“Furtively” was the word that kept coming up during the University of Louisville press conference on the NCAA Notice of Allegations against the UofL basketball program.  Specifically in regard to Andre McGee, former player and assistant.

Rick Pitino a stickler for NCAA compliance (Cindy Rice Shelton photo).
Rick Pitino a stickler for NCAA compliance (Cindy Rice Shelton photo).

McGee is accused of secretly arranging for strip shows and sexual favors for as many as 17 basketball players, including recruits and active players. Surreptitiously in the early morning hours at Minardi Hall, without the permission or knowledge of coaches.

Disappointing his tutor, taking advantage of a casual college dormitory atmosphere to throw sex parties. Betraying the trust, taking the program to unprecedented depths, partying all the while.

Those were the kinds of images that loomed heavy over the press conference with Acting President Neville Pinto, Vice President of Athletics Tom Jurich, and Coach Rick Pitino responding to the allegations in front of a packed room of journalists.

Some of them apparently eager to make the administrators pay for the sins of the perpetrator. The people in charge, those seeking to provide the opportunity and leadership, winding up bearing the shame of irresponsible behavior.

Pitino, in particular, facing a Level 1 allegation of failing to monitor the activities of Andre McGee. A very serious charge that could result in a show cause and personal penalties against the head coach.

“For the past 30 years, I have been extremely compliant with NCAA rules because I don’t believe in an unfair advantage,” said Pitino, in response to a question from WAVE-3’s Eric Flack about whether the investigation has tarnished his reputation.

“I have never asked a shoe company to help me out with a player — just the opposite. It’s my personal opinion that this is over, but that’s not for me to say. It’s for the NCAA Committee on Infractions to decide, the judge and jury. We will present our case.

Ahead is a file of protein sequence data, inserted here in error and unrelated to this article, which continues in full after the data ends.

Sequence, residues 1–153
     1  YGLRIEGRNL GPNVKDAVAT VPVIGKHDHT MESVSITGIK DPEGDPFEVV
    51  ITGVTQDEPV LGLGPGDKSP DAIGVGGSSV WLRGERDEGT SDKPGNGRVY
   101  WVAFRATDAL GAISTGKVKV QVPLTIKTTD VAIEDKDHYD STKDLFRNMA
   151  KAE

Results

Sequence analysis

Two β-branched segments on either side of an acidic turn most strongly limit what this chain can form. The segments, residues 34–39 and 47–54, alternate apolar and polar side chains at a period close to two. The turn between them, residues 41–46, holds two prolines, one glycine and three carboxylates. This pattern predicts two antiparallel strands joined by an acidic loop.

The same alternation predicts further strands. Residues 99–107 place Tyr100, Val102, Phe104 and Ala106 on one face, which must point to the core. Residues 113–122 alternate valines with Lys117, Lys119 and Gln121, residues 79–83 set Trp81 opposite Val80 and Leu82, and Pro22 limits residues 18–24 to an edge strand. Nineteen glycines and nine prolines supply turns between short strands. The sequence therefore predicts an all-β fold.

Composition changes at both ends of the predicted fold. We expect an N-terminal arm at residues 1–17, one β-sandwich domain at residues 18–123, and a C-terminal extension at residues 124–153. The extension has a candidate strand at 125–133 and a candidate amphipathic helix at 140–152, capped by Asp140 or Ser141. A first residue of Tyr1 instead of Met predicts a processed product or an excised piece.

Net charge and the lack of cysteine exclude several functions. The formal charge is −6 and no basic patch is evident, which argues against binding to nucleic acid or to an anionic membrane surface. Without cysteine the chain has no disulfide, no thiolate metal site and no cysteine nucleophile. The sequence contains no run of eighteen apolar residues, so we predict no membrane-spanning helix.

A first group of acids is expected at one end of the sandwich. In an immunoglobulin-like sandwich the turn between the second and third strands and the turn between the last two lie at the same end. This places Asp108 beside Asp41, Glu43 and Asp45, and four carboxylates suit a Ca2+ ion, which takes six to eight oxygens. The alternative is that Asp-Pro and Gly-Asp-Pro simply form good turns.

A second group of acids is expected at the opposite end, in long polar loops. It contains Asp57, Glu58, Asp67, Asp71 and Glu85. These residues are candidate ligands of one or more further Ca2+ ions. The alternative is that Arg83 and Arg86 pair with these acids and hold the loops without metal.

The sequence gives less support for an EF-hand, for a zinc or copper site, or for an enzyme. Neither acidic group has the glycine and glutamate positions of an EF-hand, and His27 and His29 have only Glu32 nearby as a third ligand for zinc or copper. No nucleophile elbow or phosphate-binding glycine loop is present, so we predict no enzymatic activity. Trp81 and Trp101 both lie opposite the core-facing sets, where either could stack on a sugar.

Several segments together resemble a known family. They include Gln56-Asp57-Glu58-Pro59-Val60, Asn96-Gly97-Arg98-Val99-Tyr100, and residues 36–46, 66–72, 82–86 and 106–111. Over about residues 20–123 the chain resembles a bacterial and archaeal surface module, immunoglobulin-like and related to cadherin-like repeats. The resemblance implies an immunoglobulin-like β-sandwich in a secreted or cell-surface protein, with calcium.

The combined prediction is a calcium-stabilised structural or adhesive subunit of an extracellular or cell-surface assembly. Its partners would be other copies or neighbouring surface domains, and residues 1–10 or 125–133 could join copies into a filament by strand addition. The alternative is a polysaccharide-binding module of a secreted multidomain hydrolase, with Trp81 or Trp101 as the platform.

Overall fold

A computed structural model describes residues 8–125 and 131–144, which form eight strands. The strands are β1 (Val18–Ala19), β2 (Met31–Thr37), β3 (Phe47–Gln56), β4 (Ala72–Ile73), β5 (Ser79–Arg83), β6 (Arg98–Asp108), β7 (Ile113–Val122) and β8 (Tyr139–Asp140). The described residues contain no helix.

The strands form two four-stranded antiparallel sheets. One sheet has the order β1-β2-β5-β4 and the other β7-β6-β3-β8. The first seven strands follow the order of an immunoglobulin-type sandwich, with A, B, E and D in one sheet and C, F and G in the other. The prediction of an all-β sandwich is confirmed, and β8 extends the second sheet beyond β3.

“I believe in my players, I believe in my coaches, many of whom have gone on to successful careers, and I believe in this university … We’re dealing with a very difficult thing right now that will be in our rear view mirror very soon because we’ve been transparent, we tell the truth and by telling the truth, your problems become part of your past.”

Really unfortunate that an individual who has been so dedicated to compliance with NCAA rules is compelled to defend his reputation because of the actions of one individual. An individual that he believed in, invested in, wanted to succeed and have a great life — only to be let down in the end.

Pitino trusted McGee too much and they are both paying a price.


NCAA: Institutional control not an issue at Louisville

At long last, progress. Time to start putting this ugly episode behind us.

And so much for the Doomsday scenarios originating from Fifth and Broadway (aka, The Courier-Journal) about vacating an NCAA title.

Not even close.

 The NCAA has finally provided the University of Louisville with the Notice of Allegations following a prolonged investigation of the basketball program. Embarrassing and a punch in the gut, but endurable.

Rick Pitino has a long memory.
Rick Pitino

The findings essentially allege that UofL assistant Andre McGee was actively involved in providing sex parties and favors for a number of recruits and players at Minardi Hall.

What’s significant at this point is what is not included in the allegations:

— That Coach Pitino had knowledge of what took place in the dormitory.

— No ‘lack of institutional control’ at Louisville, which would have been the most severe accusation.